Plaintiff Wisconsin Technology Venture Group, LLC (“Wisconsin Technology”) contended that Fatwallet, Inc. (“Fatwallet”) infringed its patent pertaining to Internet technology. Fatwallet filed several affirmative defenses, as well as counterclaims for invalidity and non-infringement of the patent-in-suit. Wisconsin Technology moved to dismiss the counterclaims under Fed.R.Civ.P. 12(b)(6) for defendant’s failure to comply with the pleading standards set forth in Fed.R.Civ. P. 8 and the Supreme Court’s decisions in Ashcroft v. Iqbal, 556 U.S. 662, 678 (2009), and Bell Atlantic Corp. v. Twombly, 550 U.S. 544, 555 (2007).
The district court granted the motion with respect to the counterclaim of invalidity for failing to allege facts sufficient to satisfy the pleading requirements of Rule 8 for that claim, but denied the motion with respect to the counterclaim for noninfringement. As stated by the district court, “Defendant’s only allegations in support of its counterclaim for noninfringement are that “[plaintiff] asserts in this action that [defendant] is liable for infringement of the ‘418 patent,” and that defendant “is not infringing, has not infringed, and is not liable for any infringement of the ‘418 patent. . . .” Dft.’s Ans. & Counterclaim, dkt. #5, ¶¶ 34-34. With respect to its invalidity counterclaim, defendant alleges that “[t]he ‘418 patent is invalid for failure to meet one or more of the conditions of patentability specified in Title 35, U.S.C., or the rules, regulations, and law related thereto, including, without limitation, in 35 U.S.C. §§ 101, 102, 103, and/or 112.” Id. at ¶ 38. Plaintiff contends that these allegations fail to satisfy the applicable pleadings standards because they are wholly conclusory and provide no factual details about why defendant believes its products are not infringing and why it believes plaintiff’s patents are invalid.”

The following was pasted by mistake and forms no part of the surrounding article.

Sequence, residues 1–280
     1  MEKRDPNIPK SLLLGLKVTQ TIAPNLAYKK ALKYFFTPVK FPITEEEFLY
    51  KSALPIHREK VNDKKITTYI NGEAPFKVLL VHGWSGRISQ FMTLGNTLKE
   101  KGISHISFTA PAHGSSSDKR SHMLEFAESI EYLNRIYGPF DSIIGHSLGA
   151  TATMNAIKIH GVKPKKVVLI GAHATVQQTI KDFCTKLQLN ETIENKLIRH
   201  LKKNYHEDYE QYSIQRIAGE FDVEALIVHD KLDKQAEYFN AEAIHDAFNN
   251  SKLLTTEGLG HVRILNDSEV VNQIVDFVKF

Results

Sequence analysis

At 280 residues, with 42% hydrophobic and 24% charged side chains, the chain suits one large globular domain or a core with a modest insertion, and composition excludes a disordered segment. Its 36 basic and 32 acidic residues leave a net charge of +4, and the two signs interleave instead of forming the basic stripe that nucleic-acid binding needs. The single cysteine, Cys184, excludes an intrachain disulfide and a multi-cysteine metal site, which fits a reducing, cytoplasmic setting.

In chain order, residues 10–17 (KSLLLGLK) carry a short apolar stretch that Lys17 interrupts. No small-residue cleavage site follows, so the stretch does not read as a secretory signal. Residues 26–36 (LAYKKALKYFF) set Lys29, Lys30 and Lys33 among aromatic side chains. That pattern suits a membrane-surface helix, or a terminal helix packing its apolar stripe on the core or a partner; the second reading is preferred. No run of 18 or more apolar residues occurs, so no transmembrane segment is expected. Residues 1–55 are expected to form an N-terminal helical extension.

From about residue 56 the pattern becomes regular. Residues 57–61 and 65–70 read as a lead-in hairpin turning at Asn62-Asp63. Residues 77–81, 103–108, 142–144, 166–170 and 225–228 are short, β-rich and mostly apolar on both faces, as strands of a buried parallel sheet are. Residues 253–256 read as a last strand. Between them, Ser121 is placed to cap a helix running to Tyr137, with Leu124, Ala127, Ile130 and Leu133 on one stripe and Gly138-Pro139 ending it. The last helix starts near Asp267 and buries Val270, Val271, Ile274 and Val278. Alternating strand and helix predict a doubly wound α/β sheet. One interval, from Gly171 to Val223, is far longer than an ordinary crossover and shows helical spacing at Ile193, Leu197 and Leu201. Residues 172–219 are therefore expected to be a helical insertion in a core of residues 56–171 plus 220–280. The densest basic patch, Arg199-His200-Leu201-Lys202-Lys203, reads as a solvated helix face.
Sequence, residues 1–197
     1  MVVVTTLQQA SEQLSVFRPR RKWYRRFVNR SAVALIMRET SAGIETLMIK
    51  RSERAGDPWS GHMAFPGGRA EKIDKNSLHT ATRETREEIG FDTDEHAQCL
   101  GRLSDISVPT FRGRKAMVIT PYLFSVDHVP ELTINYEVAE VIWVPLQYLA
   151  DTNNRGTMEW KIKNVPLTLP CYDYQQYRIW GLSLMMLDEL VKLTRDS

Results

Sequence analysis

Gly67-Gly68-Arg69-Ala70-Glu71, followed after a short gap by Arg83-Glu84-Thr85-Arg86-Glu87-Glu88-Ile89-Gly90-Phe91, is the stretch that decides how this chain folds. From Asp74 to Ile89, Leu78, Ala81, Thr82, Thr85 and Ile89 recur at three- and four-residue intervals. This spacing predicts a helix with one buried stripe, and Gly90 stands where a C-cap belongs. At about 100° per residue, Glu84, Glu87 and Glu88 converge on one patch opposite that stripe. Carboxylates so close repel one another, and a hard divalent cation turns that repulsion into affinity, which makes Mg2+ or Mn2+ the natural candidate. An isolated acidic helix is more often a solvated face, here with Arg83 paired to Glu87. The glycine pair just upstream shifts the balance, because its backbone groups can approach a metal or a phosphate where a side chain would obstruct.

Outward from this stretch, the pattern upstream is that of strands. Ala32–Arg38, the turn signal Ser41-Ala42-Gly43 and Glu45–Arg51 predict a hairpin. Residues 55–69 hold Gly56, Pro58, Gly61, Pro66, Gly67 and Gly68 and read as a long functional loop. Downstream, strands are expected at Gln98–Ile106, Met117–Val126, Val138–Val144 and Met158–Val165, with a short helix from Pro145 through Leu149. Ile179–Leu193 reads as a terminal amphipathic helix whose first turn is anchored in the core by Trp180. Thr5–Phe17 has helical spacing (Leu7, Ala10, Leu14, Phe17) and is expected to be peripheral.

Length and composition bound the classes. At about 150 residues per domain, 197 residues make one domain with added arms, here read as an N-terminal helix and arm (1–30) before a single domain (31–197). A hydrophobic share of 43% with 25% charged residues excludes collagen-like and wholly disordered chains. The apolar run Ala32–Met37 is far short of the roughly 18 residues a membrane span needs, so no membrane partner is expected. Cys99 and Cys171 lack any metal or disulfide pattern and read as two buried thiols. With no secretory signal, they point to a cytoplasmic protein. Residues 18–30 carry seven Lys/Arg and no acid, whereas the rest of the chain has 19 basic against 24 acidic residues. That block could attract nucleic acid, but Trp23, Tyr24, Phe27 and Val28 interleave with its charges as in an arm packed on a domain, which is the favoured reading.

The district court then analyzed whether the non-infringement counterclaim was satisfactory. “Although Form 18 applies to claims of direct infringement, I see no reason why the standard should not apply to defendant’s noninfringement counterclaim. If a plaintiff can state a claim for direct infringement by alleging that it owns a patent and that “defendant has been infringing the patent ‘by making, selling, and using [the device] embodying the patent,'” Bill of Lading, 681 F.3d at 1334, defendant may state a mirror-image counterclaim of noninfringement by alleging that its accused product does not infringe plaintiff’s patent. Thus, under Form 18 and the rule in Bill of Lading, defendant’s allegations are sufficient. I agree with the conclusion reached by the court in Microsoft Corp. v. Phoenix Solutions, Inc., 741 F. Supp. 2d 1156, 1159 (C.D. Cal. 2010), that both “a party alleging direct infringement” and “a declaratory judgment claim of no direct infringement” need only comply with Form 18.”
The district court next addressed whether the invalidity counterclaim was sufficient. “Defendant’s claim of invalidity provides no allegations that would suggest why plaintiff’s patent may be unenforceable. Instead, defendant relies on the bare assertion that the claims are unenforceable for one or more unspecified reasons. As I have explained in a previous case, such conclusory assertions do not satisfy Rule 8 or the standards set forth in Twombly and Iqbal. Genetic Technologies Ltd. v. Interleukin Genetics Inc., 2010 WL 3362344, *1-2 (W.D. Wis. Aug. 24, 2010) (dismissing defendant’s counterclaim for failure to state claim where defendant stated in conclusory fashion that plaintiff’s patents were invalid under one or more sections of Title 35 of United States Code). See also Cleversafe, Inc. v. Amplidata, Inc., 2011 WL 6379300 (N.D. Ill. Dec. 20, 2011) (dismissing invalidity counterclaim because defendant “d[id] not allege that [plaintiff’s] asserted patents are invalid for any specific reason or under any certain statutory provision”). Because there is no Form in the Federal Rule of Civil Procedures that allows defendant to rely on such bare assertions, I will dismiss defendant’s counterclaim of invalidity. However, defendant may file an amended counterclaim that complies with Fed. R. Civ. P. 8.”
Wisconsin Technology Venture Group, LLC v. Fatwallet, Inc., Case No. 12-cv-326-bbc (W.D. Wisc. Aug. 29, 2012)
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